SMBs Are Ready To Go ‘Native Programmatic’

As small businesses have been concentrating their marketing budgets in social media, the expansion of automation promises a greater range of ad choices.'s Frost Prioleau’s Frost Prioleau

Over the past year, local businesses have been spending more on social media than any other category in the face of disappointment with general online ad metrics, particularly in mobile.

And while the view of the larger agency world considers SMBs too “unsophisticated” or uninterested in integrating their social media marketing with automated channels to take advantage of those algorithmic methods, 2016 will prove those opinions wrong, says Frost Prioleau, CEO of local programmatic platform

For one thing, the expansion of “preferred marketing partners” to connect all kinds of advertisers to the audiences of Facebook, Twitter, and, more recently,Pinterest, has helped change some minds. But in the Prioleau’s estimation, the tide is being turned by previously untapped SMBs.

“Native programmatic for SMBs is very real and will become even more available and accessible in 2016,” Prioleau said. “Programmatic exchanges such as Google AdX and [Twitter’s real-time bidding platform and ad server] MoPub that have launched native solutions and native-focused exchanges like TripleLift are increasing their supply of native inventory.”

Prioleau sees these platforms as “a great addition to the programmatic mix for SMBs,” who traditionally have struggled with programmatic platforms focused on national advertisers and pre-packaged audience segments.

In terms of’s work with SMBs, Prioleau pointed to the use of unstructured data rather than pre-packaged audience segments has helped local target local audiences. With those targets in place, and by dint of the Fort Worth, TX-based company’s relationships with local publishers, it has increasingly been able to match native inventory and advertisers.

Still, the idea of SMBs putting in the time to create original content that can then be “scaled” to in their local markets, as opposed to just paying for a traditional ad, seems daunting. But Prioleau suggested that is no longer an issue.

In any case, the threat of mobile ad blocking has been a primary impetus for SMBs to explore native marketing options more closely.

“Already gaining critical mass prior to Apple’s decision to allow ad blockers in iOS 9, native advertising will experience tremendous growth as publishers seek ad formats that are less invasive to users and less likely to be blocked,” Prioleau said. “Advertisers will shift increased dollars to native as more native inventory becomes available programmatically. Native ads will make up a bigger piece of the revenue that publishers need to continue to deliver online content at no cost to readers.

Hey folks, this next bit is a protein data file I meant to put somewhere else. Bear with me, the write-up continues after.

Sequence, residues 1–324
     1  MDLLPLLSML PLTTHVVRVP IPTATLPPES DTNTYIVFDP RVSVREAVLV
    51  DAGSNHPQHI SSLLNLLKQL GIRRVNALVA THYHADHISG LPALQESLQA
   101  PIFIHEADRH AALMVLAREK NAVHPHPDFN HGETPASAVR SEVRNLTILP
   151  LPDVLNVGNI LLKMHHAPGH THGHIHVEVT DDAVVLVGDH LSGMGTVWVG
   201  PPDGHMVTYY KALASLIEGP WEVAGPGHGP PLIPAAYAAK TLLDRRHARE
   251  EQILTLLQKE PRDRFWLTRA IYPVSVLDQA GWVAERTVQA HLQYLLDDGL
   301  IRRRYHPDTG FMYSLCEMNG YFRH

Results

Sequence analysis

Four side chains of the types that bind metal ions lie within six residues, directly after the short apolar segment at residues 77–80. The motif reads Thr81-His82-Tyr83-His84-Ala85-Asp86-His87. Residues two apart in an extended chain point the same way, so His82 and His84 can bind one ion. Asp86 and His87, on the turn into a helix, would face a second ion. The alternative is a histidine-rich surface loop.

“Other good news for SMBs that want to focus on programmatic is that the inputs for native ads are becoming standardized so that an advertiser can just submit one graphic, one headline, and one string of body text, and the exchanges will automatically format those inputs as native ads across multiple sites or apps,” he said. “SMBs can access these channels through their local-focused media companies, networks, and/or agencies, many of which work with a platform like to deliver their programmatic offerings.”

Among’s other 2016 predictions:

  • Improved Monetization Drives Programmatic from Remnant to Requirement

Advertisers’ increased focus on buying human-viewed impressions is raising CPMs for high-quality inventory. This in turn is encouraging premium publishers to monetize more and more of their high quality inventory through programmatic channels. Microsoft’s decision earlier this year to monetize 100 percent of their inventory through programmatic in some European countries is an example of this trend. Increases in CPM yields through header bidding and better use of data will also give programmatic monetization a boost.

  • Move to Multi-Channel Campaigns from Siloed Campaigns.

National advertisers have increasingly optimized media spend via multi-channel campaigns instead of separate campaigns focused on mobile, desktop, social, video, etc. In 2016, localized advertisers will follow suit in demanding that they reach their prospects on “any device, any media, at any time.” Advertisers see improved ROI with multi-channel, as dynamic allocation to the best performing media, formats, and devices drives improved campaign performance.

  • Local and SMB Advertisers Shift Goals from Awareness to ROI

Local advertisers, like national advertisers, will continue to become more knowledgeable and sophisticated about how they use programmatic advertising. Traditionally, locally-focused campaigns have been run with a goal of “awareness.” 2016 will usher in a trend where more local advertisers will focus on ROI metrics and become increasingly interested in campaign insights and analytics to further guide their media strategies.

“We see 2016 as a year in which smart advertisers will stop spending their budgets in silos, and will accelerate adoption of the tools that they need to optimize their spend across the increasingly high-quality media and device types available programmatically,” Prioleau said. Localized advertisers will also become more focused on ROI-based metrics and audience insights to ensure that they are getting the most from their advertising spend.”

About The Author
David Kaplan David Kaplan @davidakaplan

A New York City-based journalist for over 20 years, David Kaplan is managing editor of A former editor and reporter at AdExchanger, paidContent, Adweek and MediaPost.